The objectives or goals of a scientific article, referred to in this paper as “study focus,” can also affect its communication style. Previous research on non-native species has been motivated by a variety of concerns that can be categorized into four areas of inquiry. First, many studies have sought to assess the risk of invasive species transport or determine the most effective prevention methods (Byers et al. 2013; Davidson et al. 2016; June-Wells et al. 2013). Second, researchers have monitored and detected aquatic invasive species through a variety of research methods, including environmental DNA (eDNA), citizen science, and remote sensing (Larson et al. 2020), with eDNA studies increasing in popularity (Rees et al. 2014; Klymus et al. 2017). Third, researchers have expressed a goal of understanding non-native species, including their relationships with other species and impacts on ecosystems (Lawrence et al. 2014). Finally, the extant literature has determined the effectiveness and suitability of management or control strategies (Sembera et al. 2018). These key goals in scholarship have indicated that study focus is often closely linked to the stage of invasion most relevant to the study. For instance, studies focused on assessing the risk of invasion or evaluating prevention techniques are typically undertaken in response to a population of non-native species at the transport stage of invasion. In contrast, researchers tend to embark on studies evaluating control options for non-native species when a population is at the establishment or spread stage of invasion. Consequently, communication style adopted by an article reporting research results may be related to the research focus.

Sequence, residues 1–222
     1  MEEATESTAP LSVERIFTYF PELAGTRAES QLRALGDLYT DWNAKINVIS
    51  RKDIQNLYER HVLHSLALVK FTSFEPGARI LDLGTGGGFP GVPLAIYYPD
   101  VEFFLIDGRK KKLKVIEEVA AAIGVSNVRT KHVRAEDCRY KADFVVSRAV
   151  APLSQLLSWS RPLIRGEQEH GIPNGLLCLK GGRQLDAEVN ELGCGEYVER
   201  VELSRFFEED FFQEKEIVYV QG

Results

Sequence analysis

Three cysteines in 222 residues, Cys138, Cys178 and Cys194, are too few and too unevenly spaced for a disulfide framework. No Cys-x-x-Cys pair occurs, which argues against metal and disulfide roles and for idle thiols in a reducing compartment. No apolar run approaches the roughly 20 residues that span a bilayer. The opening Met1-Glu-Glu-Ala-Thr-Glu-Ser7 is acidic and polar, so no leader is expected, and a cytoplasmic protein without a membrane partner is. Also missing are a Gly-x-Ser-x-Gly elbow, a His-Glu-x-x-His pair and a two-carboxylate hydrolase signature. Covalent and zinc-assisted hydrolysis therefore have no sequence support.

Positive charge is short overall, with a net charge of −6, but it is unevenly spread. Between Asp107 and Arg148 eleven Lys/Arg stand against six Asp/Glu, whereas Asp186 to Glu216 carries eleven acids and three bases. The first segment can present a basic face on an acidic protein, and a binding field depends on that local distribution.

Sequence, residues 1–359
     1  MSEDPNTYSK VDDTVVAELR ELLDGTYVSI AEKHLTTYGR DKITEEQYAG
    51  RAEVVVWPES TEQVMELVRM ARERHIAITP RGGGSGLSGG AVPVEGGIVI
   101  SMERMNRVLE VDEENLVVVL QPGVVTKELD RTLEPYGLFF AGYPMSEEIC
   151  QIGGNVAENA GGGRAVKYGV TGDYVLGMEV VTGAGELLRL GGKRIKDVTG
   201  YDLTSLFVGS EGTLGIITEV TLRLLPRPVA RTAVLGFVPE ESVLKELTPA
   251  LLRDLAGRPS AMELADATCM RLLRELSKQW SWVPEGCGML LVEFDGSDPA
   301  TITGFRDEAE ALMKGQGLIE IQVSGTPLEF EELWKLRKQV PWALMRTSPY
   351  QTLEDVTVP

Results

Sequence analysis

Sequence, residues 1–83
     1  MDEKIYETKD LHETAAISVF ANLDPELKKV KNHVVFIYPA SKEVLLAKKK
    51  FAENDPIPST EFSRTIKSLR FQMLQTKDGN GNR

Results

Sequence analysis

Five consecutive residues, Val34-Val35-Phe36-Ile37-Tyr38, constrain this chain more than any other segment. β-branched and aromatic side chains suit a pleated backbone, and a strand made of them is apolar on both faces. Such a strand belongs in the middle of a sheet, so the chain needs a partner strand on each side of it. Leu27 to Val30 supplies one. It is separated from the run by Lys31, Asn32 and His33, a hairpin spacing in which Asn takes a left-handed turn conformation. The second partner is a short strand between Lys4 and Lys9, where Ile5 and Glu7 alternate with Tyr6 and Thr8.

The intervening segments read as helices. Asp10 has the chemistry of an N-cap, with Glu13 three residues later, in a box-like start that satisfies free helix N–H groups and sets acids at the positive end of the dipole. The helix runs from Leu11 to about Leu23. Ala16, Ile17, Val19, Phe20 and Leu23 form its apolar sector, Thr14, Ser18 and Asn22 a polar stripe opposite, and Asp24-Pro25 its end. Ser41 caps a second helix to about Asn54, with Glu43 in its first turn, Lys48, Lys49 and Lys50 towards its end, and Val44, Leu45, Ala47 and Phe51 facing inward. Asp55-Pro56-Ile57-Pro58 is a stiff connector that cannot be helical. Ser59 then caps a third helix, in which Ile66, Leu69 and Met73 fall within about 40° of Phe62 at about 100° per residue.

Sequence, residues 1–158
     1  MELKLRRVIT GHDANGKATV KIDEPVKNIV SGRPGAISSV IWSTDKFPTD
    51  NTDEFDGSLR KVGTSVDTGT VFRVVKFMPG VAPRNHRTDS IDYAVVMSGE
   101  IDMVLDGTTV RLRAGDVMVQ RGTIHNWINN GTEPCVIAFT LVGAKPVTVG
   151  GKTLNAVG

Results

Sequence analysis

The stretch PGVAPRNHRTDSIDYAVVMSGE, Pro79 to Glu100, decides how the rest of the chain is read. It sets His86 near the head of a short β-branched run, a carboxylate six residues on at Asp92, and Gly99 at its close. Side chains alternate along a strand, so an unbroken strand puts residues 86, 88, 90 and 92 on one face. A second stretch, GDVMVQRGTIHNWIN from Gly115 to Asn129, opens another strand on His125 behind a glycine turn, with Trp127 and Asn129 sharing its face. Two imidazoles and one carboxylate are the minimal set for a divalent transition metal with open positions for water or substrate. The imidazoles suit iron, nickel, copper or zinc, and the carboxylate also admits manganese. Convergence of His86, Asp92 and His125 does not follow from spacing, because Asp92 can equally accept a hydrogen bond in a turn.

Previous research has underscored the importance of recognizing stages of invasion to unify approaches to understanding invasions and the ways they are discussed (Blackburn et al. 2011). Researchers have argued for bridging language gaps between disciplines and standardizing language use across stage of invasion (Colautti and MacIsaac 2004). Each population of a species can be classified as existing along a gradient from “transportation” to “spread”, with designated terminology to be used at each stage (Robinson et al. 2016). At the “transportation” stage of invasion, whereby species move to a new location, the neutral term “non-native” is most appropriate, given the uncertainty of the species survival and impacts. The terms “introduced” and “established” directly correspond to the second and third stages of invasion: “introduction”, involving the arrival and release of species in a new location, and “establishment” when the introduced species survives and reproduces. Finally, when species “spread” aggressively beyond their established range or begin causing negative ecological or economic impacts, they are dubbed “invasive” (Lockwood et al. 2013). These terms and stages are tied to particular locations; for instance, a species may be at the “introduced” stage in one lake, while in a different lake, a different population of the same species is at the “spread” stage. Thus, language use may be related to differences in the abundance of species at each stage of invasion across a region.